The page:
A lot of the dead and gone plants that I demoed yesterday were first crop Phacelia. However, I have a significant area still dedicated to a second crop of P. tanacetifolia. chuck b. also likes the shape of Phacelia and has photographed it well. The flowers curl around on themselves like a scorpion's tail, which may give rise to one of the common names, Scorpionweed. I've never heard anyone call it that around here, however. My second crop of Phacelia was sown from seed collected from last year's meadow garden, but much later in the winter than the first crop (which had the same seed source but sowed itself naturally), so it's only blooming now. Confusion among Phacelia taxa seems to be easy to come by.

Another crop that has run to its end is the Globe Gilia (Gilia capitata). Many of the seed heads were just sitting there like little cups, full of loose seed ready to be tipped into my bag for collection. I also bid farewell to my Mimulus (Sticky Monkeyflower) which I either overwatered last year or, more likely, stepped on while my son and I were removing some nearby plants earlier this year.


Dominguez Gap Wetlands

Bottom line - the money's out there, you just have to have the will power.

Long Beach cuts the ribbon on a wetlands wonder
By Pamela Hale-Burns, Staff Writer

LONG BEACH - At first glance, you might not think the site is a
flood-control channel, but that's exactly what it is.

With an array of beautiful flowers and wildlife in the background,
Long Beach Mayor Bob Foster and Los Angeles County Supervisor Don
Knabe cut the ribbon at the opening of the $7million, 50-acre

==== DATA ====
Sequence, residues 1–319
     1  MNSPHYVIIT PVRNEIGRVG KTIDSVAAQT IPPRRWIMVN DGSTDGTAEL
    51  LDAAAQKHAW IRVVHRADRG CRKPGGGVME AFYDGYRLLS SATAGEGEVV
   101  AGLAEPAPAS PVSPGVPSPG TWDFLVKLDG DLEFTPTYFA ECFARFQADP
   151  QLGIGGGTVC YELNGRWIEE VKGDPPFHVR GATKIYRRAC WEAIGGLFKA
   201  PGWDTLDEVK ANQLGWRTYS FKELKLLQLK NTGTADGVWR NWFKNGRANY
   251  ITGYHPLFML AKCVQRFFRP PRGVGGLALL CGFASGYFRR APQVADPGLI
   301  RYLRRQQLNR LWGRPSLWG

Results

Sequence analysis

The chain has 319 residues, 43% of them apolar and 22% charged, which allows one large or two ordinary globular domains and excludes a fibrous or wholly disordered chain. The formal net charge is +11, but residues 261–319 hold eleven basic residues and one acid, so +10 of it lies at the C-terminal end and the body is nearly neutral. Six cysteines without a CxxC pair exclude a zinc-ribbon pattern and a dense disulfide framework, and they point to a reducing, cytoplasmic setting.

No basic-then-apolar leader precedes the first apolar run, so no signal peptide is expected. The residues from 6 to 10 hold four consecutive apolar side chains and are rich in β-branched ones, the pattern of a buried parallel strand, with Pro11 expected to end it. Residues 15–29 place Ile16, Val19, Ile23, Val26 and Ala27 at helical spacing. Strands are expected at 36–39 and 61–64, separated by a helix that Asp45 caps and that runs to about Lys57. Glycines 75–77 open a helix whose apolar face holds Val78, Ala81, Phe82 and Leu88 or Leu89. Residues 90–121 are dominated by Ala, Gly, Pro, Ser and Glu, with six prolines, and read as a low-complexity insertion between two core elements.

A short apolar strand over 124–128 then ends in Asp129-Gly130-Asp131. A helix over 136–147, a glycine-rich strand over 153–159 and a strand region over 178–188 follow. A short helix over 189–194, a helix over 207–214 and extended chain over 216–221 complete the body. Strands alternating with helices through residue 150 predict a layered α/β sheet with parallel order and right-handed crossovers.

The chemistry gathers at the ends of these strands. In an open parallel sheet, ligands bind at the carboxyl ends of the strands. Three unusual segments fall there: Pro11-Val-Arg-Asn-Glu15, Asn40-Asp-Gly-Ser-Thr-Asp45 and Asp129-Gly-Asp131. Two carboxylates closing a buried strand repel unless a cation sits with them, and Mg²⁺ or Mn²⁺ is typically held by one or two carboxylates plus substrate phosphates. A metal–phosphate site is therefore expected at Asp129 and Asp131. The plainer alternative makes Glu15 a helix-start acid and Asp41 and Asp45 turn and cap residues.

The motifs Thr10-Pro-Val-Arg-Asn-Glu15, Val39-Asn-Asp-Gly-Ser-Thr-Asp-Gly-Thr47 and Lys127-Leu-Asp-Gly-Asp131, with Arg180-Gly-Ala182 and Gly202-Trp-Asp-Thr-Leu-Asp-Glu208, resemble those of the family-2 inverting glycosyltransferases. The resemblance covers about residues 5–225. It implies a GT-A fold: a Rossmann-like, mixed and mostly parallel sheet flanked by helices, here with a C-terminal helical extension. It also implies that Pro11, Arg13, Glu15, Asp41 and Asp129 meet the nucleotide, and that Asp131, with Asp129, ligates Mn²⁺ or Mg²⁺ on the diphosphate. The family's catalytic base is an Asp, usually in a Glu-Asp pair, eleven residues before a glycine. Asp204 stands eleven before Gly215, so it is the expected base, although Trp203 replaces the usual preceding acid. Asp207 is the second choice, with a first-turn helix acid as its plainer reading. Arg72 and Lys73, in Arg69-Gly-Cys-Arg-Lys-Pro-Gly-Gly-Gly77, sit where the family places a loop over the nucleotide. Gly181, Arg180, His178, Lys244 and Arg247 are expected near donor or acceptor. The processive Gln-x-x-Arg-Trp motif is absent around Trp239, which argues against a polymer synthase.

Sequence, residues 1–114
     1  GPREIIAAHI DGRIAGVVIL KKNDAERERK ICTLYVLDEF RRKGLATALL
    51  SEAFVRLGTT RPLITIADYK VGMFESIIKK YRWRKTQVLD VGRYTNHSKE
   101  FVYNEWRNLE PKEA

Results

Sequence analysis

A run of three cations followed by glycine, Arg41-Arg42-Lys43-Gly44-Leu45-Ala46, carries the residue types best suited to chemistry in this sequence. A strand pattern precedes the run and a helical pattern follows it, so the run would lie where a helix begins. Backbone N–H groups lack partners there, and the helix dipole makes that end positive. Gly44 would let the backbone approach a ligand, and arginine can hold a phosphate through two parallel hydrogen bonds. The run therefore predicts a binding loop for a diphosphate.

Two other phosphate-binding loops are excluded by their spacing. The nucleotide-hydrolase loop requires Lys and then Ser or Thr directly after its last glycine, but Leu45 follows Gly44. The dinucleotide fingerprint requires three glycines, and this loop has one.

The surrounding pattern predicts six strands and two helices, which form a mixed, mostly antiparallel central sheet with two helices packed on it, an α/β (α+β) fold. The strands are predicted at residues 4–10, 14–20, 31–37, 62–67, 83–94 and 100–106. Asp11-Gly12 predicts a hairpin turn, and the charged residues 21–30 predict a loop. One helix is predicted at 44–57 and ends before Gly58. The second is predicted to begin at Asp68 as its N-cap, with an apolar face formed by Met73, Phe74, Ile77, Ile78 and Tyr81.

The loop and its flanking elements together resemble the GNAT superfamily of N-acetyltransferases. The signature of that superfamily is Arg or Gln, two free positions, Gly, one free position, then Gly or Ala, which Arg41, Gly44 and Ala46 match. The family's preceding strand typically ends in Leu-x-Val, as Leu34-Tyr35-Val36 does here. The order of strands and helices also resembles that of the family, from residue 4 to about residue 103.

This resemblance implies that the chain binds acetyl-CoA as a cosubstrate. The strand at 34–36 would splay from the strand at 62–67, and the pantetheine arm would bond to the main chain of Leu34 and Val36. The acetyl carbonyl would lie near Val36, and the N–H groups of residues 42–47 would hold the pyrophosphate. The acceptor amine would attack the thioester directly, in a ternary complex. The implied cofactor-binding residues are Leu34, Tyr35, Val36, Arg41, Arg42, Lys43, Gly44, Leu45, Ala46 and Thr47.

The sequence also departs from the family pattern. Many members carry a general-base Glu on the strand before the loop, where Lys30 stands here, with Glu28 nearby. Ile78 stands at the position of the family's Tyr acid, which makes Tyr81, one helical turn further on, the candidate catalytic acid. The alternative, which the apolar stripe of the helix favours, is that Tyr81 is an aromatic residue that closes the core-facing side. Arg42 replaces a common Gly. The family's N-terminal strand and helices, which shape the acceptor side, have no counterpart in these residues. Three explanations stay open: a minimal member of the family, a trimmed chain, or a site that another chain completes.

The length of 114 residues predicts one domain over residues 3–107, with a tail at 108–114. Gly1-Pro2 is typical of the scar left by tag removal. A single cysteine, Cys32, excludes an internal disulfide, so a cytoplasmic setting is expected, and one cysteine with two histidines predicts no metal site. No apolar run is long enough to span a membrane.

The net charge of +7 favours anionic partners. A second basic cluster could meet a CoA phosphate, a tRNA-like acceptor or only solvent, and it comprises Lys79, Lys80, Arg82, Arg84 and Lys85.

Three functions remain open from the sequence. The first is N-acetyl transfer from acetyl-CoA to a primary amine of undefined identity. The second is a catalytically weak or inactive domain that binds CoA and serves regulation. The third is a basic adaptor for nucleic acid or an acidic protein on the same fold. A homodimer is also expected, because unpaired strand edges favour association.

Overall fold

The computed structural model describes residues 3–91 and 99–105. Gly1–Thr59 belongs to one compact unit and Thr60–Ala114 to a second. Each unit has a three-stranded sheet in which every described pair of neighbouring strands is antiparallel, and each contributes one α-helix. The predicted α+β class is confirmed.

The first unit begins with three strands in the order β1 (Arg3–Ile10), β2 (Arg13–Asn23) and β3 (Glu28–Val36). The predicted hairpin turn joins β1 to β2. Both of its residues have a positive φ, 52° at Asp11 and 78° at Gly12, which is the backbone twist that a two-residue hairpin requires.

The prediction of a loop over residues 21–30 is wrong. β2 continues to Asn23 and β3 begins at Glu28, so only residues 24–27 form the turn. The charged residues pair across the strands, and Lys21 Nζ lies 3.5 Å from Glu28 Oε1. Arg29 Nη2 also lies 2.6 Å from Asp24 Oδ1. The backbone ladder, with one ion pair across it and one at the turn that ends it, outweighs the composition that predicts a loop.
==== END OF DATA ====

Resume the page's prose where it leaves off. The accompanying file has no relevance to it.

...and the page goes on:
Dominguez Gap Wetlands project in Long Beach on Thursday.

The first of its kind in the region, the wetlands project, along the
east and west sides of the Los Angeles River between Del Amo
Boulevard and the San Diego (405) Freeway, still offers flood
protection along the river's urban lower reaches.

But it also helps improve groundwater quality, restores some native
habitat and offers trails for walkers and horseback riders.

"This is a great day for the Los Angeles County and for its water-
quality partners," said Knabe. "The project's open space, water-
quality improvements and groundwater recharge make it a cost-
effective solution for addressing some of the county's toughest
regional issues."

Water flows into the wetlands from the river and Long Beach-area
storm drains. Some 1.3 million gallons per day is then treated by
the wetlands' plant life, which removes traces of heavy metals,
organic carbons, oil and greases from urban runoff.

"We want to deliver water that is of some quality to our community,"
said Mark Pestrella, assistant deputy director of the County of Los
Angeles Department of Public Works. "We know that we will reduce the
nutrients a significant amount."
The treated water from the east basin flows into the west basin for
storage and groundwater recharge or flows into the L.A. River.

"The purpose of this project is to provide flood protection, improve
water quality and to provide water conservation,
" said Diego Cadena,
County Public Works deputy director.

The construction of the 37-acre east basin includes one mile of
treatment wetlands, pedestrian and horseback trails, bird
observation decks, woodland and riparian habitat and a bike trail
rest station.

Some of the wildlife native to the area, including the red-
shouldered hawk, the great blue heron, and the tri-colored
blackbird, are returning to the region, according to county
officials. Plants like purple sage, buckwheat, monkeyflower and
willow trees are also part of the habitat.

"It adds recreational opportunities like hiking, biking and a rest
area," said Cadena. "There are educational opportunities as well.
It's a true multipurpose facility."

The 24-hour facility is open to the public except on storm days,
when it is closed for security reasons.

"We want the public to come out," said Cadena. "You're right in the